Last month I mentioned that I had posted Psalm 111, but I will say a bit more about this psalm now that I have posted 112 as well. Psalms 111 and 112 are in effect mirror psalms comparing God with the godly person. It may be justly said that the notion of man being created in God's image, often thought to be limited to Genesis 1:26-27 and 9:6 and implied in Psalm 8, is also found in these two psalms. Both are alphabetical acrostic psalms containing 22 lines each. Each line of 111 is reflected in some fashion in its counterpart in 112, conveying the sense that, e.g., if the justice or righteousness of God endures for ever, so does that of the just man (the ו VAV line is identical in both psalms). The alleluias at the beginning of each psalm precede the alphabetical lines.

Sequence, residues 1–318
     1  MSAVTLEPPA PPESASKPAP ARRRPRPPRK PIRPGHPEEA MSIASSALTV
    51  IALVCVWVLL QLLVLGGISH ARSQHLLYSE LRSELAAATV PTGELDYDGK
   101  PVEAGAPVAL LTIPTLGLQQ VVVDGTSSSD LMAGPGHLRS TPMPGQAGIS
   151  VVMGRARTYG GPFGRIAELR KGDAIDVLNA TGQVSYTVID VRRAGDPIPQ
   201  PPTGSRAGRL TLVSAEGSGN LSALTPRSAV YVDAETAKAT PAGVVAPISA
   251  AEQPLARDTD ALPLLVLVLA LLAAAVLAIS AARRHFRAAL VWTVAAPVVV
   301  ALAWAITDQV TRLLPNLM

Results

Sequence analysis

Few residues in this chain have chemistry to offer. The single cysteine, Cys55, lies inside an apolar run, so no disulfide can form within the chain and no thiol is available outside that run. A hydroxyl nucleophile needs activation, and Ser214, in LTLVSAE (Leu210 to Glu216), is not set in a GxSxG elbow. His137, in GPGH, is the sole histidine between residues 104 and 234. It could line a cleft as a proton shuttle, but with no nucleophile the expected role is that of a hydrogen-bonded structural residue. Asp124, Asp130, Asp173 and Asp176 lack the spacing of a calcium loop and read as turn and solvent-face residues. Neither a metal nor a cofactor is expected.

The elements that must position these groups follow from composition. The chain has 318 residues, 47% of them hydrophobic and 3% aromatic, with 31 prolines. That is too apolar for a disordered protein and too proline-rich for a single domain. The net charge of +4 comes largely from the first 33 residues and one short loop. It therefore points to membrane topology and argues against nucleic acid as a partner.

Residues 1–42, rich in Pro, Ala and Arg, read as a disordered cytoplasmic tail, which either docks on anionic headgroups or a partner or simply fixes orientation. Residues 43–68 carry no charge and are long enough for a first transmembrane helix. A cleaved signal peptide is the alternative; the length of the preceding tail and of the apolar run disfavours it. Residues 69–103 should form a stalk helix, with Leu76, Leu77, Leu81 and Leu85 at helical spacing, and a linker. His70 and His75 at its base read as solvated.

Although the Genevan tunes for the two psalms have different metres (889 889 and 999 999), they nevertheless have the same number of lines per stanza. With four stanzas in my own versification, this adds up to 24 lines in total, two more than the number of letters in the Hebrew alphabet. Consequently, I have had little choice but to expand slightly the thoughts contained in the first stanzas of each psalm while following the number of lines from the original in the remaining stanzas. The texts are unrhymed.
Both tunes are in the dorian mode. That for 111 is shared with Psalms 24, 62 and 95, while the tune to Psalm 112 is unique to that psalm.